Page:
The Amazon basin used to be home to gomphotheres, giant ground sloths and 95 other now-extinct beasts known as “megafauna.” Whether we’re better off today for not getting the chance to know these large animals personally is debatable. But according to a study from the University of Oxford and published in the journal Nature Geoscience, South America continues to suffer the loss of their dung.
According to the researchers, ecosystems rely on animals to spread nutrients, specifically phosphorous. Large animals, with their proportionally large dumps, do the job most efficiently. But about 12,000 years ago, hunted by humans and strained by a changing climate, the megafauna all went extinct. Study author Chris Doughty calculates that the Amazon is still experiencing the effects of the extinction — the progressively patchier distribution of nutrients — and may continue to do so for another 17,000 years.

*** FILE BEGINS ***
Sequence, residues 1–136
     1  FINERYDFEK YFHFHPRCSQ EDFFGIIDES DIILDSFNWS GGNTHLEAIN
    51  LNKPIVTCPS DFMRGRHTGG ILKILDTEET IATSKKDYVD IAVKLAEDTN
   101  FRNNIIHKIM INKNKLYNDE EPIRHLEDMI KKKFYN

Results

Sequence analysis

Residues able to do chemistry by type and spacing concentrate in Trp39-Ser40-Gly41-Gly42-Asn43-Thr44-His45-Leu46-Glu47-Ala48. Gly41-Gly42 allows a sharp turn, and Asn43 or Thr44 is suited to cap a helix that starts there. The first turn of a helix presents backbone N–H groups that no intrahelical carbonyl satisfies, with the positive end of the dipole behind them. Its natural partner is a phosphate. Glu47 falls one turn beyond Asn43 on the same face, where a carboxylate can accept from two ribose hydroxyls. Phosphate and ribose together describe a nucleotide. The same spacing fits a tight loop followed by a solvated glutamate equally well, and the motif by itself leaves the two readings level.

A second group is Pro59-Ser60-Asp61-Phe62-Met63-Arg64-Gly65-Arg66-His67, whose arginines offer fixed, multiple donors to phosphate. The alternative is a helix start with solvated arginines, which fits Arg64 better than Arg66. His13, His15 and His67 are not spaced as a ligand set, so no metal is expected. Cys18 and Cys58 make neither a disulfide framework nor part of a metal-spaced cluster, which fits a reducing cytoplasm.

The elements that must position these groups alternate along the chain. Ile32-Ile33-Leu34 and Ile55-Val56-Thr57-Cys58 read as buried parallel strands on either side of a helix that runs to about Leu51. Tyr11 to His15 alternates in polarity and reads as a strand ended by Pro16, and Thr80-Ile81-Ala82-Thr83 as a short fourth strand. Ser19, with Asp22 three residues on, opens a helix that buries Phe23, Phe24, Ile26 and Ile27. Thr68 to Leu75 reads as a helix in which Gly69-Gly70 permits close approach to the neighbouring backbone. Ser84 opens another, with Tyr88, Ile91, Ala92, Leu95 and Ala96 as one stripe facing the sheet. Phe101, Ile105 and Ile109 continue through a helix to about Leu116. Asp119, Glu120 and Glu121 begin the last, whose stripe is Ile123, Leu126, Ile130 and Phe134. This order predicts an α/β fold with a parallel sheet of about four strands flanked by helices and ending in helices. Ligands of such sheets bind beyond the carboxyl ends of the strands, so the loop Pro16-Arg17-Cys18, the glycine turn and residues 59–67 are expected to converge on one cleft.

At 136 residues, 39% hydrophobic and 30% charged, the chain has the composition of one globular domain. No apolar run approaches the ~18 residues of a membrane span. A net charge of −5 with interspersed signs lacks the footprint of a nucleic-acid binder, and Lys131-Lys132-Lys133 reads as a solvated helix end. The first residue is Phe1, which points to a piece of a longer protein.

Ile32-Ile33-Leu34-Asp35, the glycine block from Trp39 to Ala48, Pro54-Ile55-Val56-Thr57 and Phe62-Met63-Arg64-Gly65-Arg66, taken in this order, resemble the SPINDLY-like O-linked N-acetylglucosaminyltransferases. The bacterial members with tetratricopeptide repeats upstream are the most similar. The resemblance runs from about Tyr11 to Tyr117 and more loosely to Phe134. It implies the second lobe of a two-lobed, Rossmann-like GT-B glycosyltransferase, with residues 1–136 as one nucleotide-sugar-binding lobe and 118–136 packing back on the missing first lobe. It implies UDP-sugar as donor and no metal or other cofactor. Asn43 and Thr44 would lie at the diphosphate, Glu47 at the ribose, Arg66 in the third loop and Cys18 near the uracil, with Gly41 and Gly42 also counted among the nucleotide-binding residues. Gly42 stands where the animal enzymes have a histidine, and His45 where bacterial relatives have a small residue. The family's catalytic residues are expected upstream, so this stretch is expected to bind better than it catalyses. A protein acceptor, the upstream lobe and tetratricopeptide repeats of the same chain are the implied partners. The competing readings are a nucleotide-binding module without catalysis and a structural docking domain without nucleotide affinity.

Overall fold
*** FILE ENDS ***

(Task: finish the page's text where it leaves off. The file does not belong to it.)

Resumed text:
New Scientist explains:
Using the relationship between animal size and nutrient distribution seen in living animals as a guide, Doughty estimated how much phosphorus South America’s larger extinct animals would have transported 15,000 years ago, before they started to decline.
The model suggests that megafauna would have spread nutrients 50 times further in the same time than animals today do. Or to put it another way, killing off the massive animals reduced the movement of nutrients by 98 percent. This is because big animals carry a disproportionately large amount compared with small animals as they travel further in search of food, and keep that food in their guts for longer.
After they died off, the megafauna passed on their distribution role to humans. But unlike the old guard, most of us don’t spread our “nutrients” around freely. The world may be a worse place for it.